If the current, interim president Michel Temer – seen as market-friendly – can hold on in next year’s elections, that might signal an upturn. But he is also facing bribery allegations – and possibly even impeachment – and his approval ratings are poor.
Whoever takes over has a big hill to climb in terms of regulatory and economic reforms to revitalise this member of the once vaunted BRIC economies (Brazil, Russia, India, China).
“The chickens have come home to roost here,” says Khalaf. “Two of the key risks for an investor are political risk and fraud risk, and we have obviously seen corruption both at the political and corporate level come to the fore in Brazil.”
He adds: “That’s part and parcel of the risk of investing in these areas – that’s why it’s important if you are an investor it’s best not to go out and just pick one or two markets to invest in, it’s best to pick a generalist fund where you’re going to get a lot of diversification across a number of regions. That way if there is flare-up in Brazil or wherever, you’re not overly exposed.”
Russian is seeing the first shoots of growth after nearly two years of recession caused by low oil prices and economic sanctions after its invasion of the Crimea.
A slight recovery in oil prices, following its agreement with OPEC nations to control output, together with higher commodity prices, have helped to steady the ship. The Russian economy has shown signs of being able to ease itself off its dependence on oil and gas, while inflation has slowed and wage growth resumed.
“Over recent years, Russia has accomplished many positive changes across multiple areas of business regulation, helping improve its investment climate,” says Andras Horvai, World Bank country director for the Russian Federation.
“Removing structural constraints that would lead to increased productivity and addressing the complex socio-economic issues of an ageing society would help even more in attaining higher and sustainable economic growth.”
Many experts view India as the next China in terms of its potential for dramatic economic growth.
Market reforms introduced by popular prime-minister Narendra Modi, who took office in 2014, are modernising the country’s ponderous bureaucracy and centralising power in the national government.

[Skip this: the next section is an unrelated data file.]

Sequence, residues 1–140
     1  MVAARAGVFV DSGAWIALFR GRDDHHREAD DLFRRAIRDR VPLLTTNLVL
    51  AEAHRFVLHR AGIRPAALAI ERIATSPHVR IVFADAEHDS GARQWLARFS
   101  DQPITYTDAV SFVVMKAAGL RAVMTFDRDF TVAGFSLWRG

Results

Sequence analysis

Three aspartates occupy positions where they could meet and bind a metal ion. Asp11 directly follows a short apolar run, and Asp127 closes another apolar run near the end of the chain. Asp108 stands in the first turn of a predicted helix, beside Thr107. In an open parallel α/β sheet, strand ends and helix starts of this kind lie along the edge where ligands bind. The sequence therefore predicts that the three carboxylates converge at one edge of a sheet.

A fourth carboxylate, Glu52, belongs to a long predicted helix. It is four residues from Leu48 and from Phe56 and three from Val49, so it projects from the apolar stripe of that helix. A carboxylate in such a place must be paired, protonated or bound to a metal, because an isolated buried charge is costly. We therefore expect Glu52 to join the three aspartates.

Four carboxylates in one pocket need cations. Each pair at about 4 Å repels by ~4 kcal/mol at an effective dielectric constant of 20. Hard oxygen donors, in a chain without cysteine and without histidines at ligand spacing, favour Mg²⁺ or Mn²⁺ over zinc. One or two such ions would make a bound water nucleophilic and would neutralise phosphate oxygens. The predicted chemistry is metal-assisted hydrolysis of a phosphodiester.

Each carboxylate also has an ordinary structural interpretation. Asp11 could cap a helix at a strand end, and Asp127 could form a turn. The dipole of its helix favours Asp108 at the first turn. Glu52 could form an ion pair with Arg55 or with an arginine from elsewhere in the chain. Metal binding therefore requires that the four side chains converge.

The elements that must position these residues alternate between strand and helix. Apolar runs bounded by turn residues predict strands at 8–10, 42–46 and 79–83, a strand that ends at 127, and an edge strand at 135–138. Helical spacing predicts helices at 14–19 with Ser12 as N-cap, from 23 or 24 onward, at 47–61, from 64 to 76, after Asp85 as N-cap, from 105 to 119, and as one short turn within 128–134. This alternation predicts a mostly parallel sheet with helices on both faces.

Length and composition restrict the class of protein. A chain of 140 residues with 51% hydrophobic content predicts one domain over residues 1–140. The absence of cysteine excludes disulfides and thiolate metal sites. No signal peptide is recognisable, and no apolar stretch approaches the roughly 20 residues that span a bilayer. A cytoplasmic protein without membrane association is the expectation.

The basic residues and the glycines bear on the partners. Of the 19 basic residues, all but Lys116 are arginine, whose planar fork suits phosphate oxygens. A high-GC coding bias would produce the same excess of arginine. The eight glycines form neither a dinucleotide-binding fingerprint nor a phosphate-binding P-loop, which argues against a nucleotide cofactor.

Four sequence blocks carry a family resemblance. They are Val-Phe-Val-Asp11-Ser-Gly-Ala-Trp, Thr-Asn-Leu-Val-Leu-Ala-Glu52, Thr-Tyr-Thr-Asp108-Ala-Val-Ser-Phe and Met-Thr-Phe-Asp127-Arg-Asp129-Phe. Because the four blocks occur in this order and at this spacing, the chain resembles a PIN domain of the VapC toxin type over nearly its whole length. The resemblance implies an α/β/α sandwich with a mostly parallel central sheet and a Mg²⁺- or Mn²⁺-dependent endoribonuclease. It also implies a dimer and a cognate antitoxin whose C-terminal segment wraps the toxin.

The Goods and Services Tax (GST), which came into effect on 1 July 2017, is the biggest reform of the tax system since independence from the UK. GST aims to replace a plethora of around 17 different state and national taxes, and make it easier for companies to trade within India.
Other business-friendly reforms have been introduced such as making it easier for firms to hire and fire staff, while corporate taxes have also been cut.
Modi has also launched a programme to create 100 tech-focused ‘smart cities’, and is keen to attract overseas investment to boost the country’s infrastructure.
To say India has huge potential is an understatement. With a rapidly growing, well-educated middle class and a population of 1.2 billion – 41% of whom are aged 25-54 – the country is poised to become a global powerhouse.
“India’s been on a bit of a run recently, says Khalaf. “It’s partly down to the pro-business reforms that Modi has pushed through, though there are lots of factors, one of which is a cheaper oil price, which helps as India is a consumer of fuel.
“The demographic is very young, they have an enormous population and that population is becoming increasingly wealthy, albeit from a low base, but that should help provide opportunities for companies to sell into that demographic.”
The world’s second largest economy after the US is critical to global economic prosperity. Read our separate country appraisal here.
It would be an exaggeration to say that Mexico’s growing prosperity and economic success has come to a juddering halt following US President Donald Trump’s threat to repatriate jobs to America.
But with Ford cancelling plans to build a $1.6bn car plant in Mexico and other big US firms wanting to be seen to be patriotic, the future – at least in terms of US investment – does not look good.
According to a World Bank report, the Mexican economy is decelerating, with annual GDP growth down to 2.3% in 2016 from 2.6% in 2015. Oil production is slowing amid a global glut of crude, manufacturing is slowing and inflation is rising.